In 1918, Walter Chrysler was one of the main American car manufacturers. The company mainly built cars for the higher price-ranges, such as the makes Imperial, Chrysler and Dodge. Chevrolet and Ford were the manufacturers of cheaper cars. This changed in 1928. In that year, the Chrysler Corporation launched some new models with six cylinder engines, which caused Walter Chrysler to found a new make for the familiar four-cylinder engines. He called the make Plymouth, after the English town founders of the state of Massachusetts had come from in the 17th Century.
In 1928, its first year of production, 53,427 cars were sold. In comparison: Chevrolet sold 888,050 cars and Ford sold 633,594 cars in that year, but it was a start. In 1930, the whole world was suffering at the hands of the depression and the car industry was particularly hard hit. Expensive cars could not be sold at all in those days. As a Plymouth was relatively cheap, this make was least affected by the depression.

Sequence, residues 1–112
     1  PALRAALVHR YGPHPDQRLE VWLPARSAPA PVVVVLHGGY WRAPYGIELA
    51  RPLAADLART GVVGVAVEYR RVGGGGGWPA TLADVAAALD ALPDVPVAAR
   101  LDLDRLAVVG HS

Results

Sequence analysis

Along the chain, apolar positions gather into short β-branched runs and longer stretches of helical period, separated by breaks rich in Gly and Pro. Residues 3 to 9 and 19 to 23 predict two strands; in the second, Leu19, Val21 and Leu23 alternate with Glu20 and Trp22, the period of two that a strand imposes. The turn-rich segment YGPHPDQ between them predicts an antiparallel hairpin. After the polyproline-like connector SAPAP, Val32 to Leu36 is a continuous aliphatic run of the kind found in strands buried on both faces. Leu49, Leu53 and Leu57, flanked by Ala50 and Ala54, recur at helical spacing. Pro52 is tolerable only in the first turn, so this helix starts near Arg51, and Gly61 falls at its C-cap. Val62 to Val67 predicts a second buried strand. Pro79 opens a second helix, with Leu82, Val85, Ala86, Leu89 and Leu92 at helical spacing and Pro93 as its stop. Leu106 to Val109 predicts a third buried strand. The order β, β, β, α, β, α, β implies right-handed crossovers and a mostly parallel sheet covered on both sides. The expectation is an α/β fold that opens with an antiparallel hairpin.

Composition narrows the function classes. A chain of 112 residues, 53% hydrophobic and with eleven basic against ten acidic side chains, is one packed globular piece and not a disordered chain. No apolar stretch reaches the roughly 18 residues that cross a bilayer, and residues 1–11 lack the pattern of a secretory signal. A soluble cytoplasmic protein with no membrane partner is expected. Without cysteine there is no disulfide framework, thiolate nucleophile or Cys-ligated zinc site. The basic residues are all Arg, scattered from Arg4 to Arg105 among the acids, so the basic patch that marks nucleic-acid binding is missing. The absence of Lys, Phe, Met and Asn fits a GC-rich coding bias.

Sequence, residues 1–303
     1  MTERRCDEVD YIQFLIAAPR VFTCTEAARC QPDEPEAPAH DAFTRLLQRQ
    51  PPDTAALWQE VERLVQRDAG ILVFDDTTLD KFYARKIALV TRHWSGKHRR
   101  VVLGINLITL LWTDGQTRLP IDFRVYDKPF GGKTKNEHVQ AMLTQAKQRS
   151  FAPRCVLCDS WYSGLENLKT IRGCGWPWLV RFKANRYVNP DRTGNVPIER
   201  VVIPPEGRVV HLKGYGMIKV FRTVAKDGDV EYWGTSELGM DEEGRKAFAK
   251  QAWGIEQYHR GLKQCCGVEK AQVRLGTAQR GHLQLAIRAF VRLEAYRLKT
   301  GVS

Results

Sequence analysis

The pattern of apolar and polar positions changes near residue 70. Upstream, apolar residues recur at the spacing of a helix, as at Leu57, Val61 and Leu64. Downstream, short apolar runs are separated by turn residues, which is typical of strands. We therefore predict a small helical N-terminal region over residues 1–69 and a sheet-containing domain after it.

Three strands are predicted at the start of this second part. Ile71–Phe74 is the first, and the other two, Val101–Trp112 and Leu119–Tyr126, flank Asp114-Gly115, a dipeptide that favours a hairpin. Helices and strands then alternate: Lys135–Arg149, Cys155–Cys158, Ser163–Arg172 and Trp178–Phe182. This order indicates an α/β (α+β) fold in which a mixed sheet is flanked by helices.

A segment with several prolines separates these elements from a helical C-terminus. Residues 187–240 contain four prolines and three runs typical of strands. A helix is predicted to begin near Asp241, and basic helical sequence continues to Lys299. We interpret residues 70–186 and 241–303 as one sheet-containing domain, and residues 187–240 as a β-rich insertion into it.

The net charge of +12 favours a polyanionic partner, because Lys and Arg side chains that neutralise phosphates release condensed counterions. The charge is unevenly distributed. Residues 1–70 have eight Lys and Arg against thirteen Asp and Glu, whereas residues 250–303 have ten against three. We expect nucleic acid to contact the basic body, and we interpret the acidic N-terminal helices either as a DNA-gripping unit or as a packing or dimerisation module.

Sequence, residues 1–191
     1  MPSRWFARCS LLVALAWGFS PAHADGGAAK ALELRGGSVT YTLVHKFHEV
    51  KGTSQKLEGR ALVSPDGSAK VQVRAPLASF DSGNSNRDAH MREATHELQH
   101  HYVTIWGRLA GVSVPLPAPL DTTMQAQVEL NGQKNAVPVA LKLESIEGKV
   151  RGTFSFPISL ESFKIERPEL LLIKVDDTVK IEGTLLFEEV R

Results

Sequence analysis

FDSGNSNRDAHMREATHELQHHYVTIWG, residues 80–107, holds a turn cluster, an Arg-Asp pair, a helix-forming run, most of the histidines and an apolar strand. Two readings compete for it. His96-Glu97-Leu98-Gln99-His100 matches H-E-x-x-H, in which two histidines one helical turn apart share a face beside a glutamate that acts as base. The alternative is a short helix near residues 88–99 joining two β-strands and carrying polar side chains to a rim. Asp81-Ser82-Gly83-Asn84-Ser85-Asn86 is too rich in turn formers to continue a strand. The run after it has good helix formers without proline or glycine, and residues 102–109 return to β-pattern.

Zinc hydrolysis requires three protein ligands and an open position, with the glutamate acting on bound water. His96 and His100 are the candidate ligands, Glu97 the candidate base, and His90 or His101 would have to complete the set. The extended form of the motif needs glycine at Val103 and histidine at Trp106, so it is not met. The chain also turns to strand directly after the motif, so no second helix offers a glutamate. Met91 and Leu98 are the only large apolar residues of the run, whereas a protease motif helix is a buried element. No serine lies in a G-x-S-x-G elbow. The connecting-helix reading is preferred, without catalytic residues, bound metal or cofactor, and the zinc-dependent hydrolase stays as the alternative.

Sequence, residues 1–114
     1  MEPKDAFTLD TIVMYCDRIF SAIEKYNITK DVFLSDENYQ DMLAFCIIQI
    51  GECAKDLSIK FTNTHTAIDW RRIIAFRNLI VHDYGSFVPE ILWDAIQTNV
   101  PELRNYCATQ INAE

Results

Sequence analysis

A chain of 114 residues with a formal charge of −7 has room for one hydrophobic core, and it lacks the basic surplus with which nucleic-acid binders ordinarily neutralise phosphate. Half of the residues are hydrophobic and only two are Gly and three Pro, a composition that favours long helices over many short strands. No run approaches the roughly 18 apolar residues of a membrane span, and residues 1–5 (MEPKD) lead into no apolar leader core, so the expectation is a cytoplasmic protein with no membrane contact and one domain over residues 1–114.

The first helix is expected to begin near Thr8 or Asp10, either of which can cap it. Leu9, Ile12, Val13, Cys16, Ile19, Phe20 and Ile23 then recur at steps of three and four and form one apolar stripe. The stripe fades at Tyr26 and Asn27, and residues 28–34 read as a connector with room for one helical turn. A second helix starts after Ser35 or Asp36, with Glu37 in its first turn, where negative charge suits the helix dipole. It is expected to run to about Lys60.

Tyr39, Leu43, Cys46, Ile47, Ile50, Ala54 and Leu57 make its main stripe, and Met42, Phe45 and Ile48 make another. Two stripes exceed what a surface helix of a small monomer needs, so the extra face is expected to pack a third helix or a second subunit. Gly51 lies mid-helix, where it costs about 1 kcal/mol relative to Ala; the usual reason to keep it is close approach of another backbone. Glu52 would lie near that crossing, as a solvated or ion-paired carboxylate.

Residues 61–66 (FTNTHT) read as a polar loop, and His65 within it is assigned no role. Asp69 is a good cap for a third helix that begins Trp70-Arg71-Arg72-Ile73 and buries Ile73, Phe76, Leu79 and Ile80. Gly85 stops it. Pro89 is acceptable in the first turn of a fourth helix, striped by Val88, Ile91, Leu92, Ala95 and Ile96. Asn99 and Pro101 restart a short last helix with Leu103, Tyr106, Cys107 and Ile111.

In 1934, the 1,000,000th Plymouth rolled off the assembly line. In that year, customers could choose from the following models: the Plymouth DeLuxe, the PE, PF, PFXX and the Standard Six and PG. In 1936, all sales records were broken once again. In that year, Plymouth manufactured no less than 527,177 cars. In 1938, Plymouth celebrated its tenth anniversary. On this occasion, the Plymouth Business was renamed the Plymouth Roadking. The car had a new, distinctive windscreen, which in contrast to previous years could no longer be opened. In 1939, the cars were given an entirely new body. This body was to remain the same until the Second World War. On 9 February 1942 the last pre-war Plymouth rolled off the assembly line.
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